Unless you’re on the moon, leaving behind footprints isn’t the most memorable thing in the world. It’s something that just happens everyday – little traces of who we are and where we’ve been, washed away by the elements soon after they’re created.
The thing about footprints on the Moon, you see, is that they don’t get washed away. There is no atmosphere, no erosion by wind or water – the Moon is a hunk of rock with some frozen water on it.
Why are we talking about the Moon? Well, the digital ‘realm’ is sort of like the technological equivalent of the moon. Except, it’s not a hunk of rock weighing 730000000000000000000000 kgs just hanging around in space (yes, that is what google says the moon weighs). But the two do share similar characteristics. Neither have any atmosphere. And if you leave a footprint on either it won’t get washed away.
A footprint in the digital realm is called a “digital footprint”. Jaime’s written a great blog about the concept here, and talks about needing to be mindful as prospective educational professionals about what we post online, and what our digital trail of footprints looks like.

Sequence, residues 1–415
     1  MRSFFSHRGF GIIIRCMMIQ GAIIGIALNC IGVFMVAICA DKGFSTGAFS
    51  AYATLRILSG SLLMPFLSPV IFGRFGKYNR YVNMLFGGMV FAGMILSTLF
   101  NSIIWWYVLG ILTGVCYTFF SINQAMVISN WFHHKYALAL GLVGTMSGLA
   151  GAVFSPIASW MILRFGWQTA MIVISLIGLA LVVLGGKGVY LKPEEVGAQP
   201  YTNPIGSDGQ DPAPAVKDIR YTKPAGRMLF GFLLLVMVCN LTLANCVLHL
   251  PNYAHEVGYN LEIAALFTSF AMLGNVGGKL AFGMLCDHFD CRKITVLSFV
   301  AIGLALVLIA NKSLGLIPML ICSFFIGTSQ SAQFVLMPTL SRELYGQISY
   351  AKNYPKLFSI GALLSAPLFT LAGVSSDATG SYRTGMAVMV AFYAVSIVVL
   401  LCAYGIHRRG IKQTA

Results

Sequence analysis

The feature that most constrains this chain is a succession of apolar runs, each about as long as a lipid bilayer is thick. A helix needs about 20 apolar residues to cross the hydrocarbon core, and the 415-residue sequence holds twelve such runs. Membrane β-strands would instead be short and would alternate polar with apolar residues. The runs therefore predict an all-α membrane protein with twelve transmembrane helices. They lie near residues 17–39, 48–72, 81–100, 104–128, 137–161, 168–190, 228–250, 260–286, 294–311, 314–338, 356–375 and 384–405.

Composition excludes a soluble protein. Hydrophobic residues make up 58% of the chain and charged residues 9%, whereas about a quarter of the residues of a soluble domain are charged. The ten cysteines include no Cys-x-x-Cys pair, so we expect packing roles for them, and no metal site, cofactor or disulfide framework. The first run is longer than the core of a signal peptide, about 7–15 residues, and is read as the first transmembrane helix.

My own personal philosophy regarding what I post online is pretty simple:
Would I want my Grandma to see this?
Yeah, that one’s pretty effective.
So how can we help our students understand how to be ethical in their online behaviour? How can we develop their understanding of the potential consequences of leaving behind digital footprints?
This site provides a great guide for teachers wishing to develop digital citizenship and understanding of footprints. For now though, the following image is one step towards developing such understanding and behaviour, if we embed this philosophy into our classrooms we’ll be one step closer to helping students help themselves.